"Two out of the four of us finally hit puberty on this last tour so it's bound to have an effect," singer and multi-instrumentalist Zach Rogue of Rogue Wave laughs about the whirlwind of events leading up to his band's second album, Descended like Vultures. "I don't know if I'd say it's more mature, I think there are better musicians playing on the record. Before it was mainly me and I'm a hack. I can play things but they studied music in school where I studied it by listening to albums."
Though Rogue jokes about being a late bloomer and his musical ability these claims are hard to believe. In his short career with Rogue Wave--which has blossomed from a solo gig to a bona fide band--the songwriter has been called many things but not a hack. Gaining notice last year with the re-release of their first album, the aptly titled Out of the Shadows, Rogue and his wave have instead met a gush of warm words, a fact he still has difficulty dealing with.
"For the first [record] I would read the press and it didn't have a very good effect on me," Rogue admits. "If it was something complimentary it would pass right through me and if it was something cruel it would stick with me and I'd just think about that. I decided that wasn't really doing anything to help me as a songwriter. If anything it was making me self-conscious in a way that had nothing to do with music."
Vultures proves Rogue doesn't have anything to worry about, if anything it is an improvement over the praise-magnet Shadows. The band has a knack for writing lovely pop songs, deftly mixing pristine melodies with at times complex, at times restrained instrumentation and liberal use of hooks. Rogue Wave's sound is a compelling hybrid of innovative flair and classical leanings, leading some to draw parallels to Sub Pop label-mates and fellow pop crusaders, the Shins. Though Rogue can't say a bad thing about the band, he doesn't buy the comparison.
"I think that if you're a person making music you want to think it's original," he remarks. "Even if it's your favourite band you don't want to be called someone's little brother. People are going to compare things. We probably sound like the Shins a lot more than Metallica and of course there are going to be similarities melodically, we use similar instrumentation to a degree but no more than any other band who makes rock music. We touch on different bands we've been listening to all our lives in varying degrees, whether it's the Who, Fleetwood Mac, My Bloody Valentine, the Cure or REM particularly. All of those things are going to be part of [our music] because that's our lexicon. That's what we grew up knowing."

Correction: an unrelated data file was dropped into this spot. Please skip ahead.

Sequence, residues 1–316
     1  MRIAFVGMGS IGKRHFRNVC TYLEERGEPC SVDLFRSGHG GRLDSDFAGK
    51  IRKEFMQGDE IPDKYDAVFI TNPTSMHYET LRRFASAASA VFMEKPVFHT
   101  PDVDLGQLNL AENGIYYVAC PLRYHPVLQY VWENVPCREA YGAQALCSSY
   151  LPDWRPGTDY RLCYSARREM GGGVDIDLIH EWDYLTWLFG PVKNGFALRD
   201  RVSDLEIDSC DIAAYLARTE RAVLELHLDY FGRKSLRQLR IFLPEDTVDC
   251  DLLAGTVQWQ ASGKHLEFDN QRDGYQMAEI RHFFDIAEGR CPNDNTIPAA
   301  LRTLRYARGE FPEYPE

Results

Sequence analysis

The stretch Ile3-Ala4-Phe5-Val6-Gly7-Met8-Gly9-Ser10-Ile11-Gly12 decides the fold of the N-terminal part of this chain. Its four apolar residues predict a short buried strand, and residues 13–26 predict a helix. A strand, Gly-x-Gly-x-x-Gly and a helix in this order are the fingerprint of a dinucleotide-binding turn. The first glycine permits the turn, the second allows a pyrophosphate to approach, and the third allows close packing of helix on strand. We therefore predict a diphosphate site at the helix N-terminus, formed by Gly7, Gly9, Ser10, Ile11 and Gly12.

This problem is a common one for bands who, like Rogue Wave, emerged relatively quickly with a heap of praise in tow. Too often media focuses on a few aspects of a band's development, ignoring everything else. In Rogue's case he is constantly being asked about how the band formed and how the song writing has changed since they came together. Despite this repetitiveness, Rogue remains refreshingly humble about his band's position in the press.
"I've seen stuff for bands who have been around for 10 years and they're still being asked how their band formed," he says. "Aside from that, it's a gift that anyone would give a shit about a song that I wrote or that there's a band called Rogue Wave. When a band starts for the first couple years--unless they just launch into the stratosphere and everyone knows who they are--people are trying to create a narrative and they're going to tell the beginning."
Rogue has a similar attitude to most aspects of his profession. Instead of the cocksure swagger many musicians adopt Rogue is modest, considerate and down to earth, allowing his music to do the boasting. Even in a time where bands of Rogue Wave's ilk, such as the aforementioned Shins and Modest Mouse, are gaining unprecedented levels of success Rogue refuses to let his head get far from his shoulders.
"A few years ago you couldn't imagine Modest Mouse being on the radio," he states. "People have loved them for a long time but I don't think they thought they'd be on the cover of magazines. It seemed like such an idiosyncratic kind of music and that's what people really loved about it. A lot of stuff that gets famous is not really that good because the co-opting of media and all these conglomerates pushing bad things at you. If you want to succeed at something you have to believe you have the ability to succeed at it, otherwise it's hard to enjoy it if you always think that you're crappy. Those demons are always there because most artists are self-conscious. I would rather make music that I like than music that was super successful if I didn't like it."
If Rogue and his cohorts just made it through puberty they're handling it remarkably well.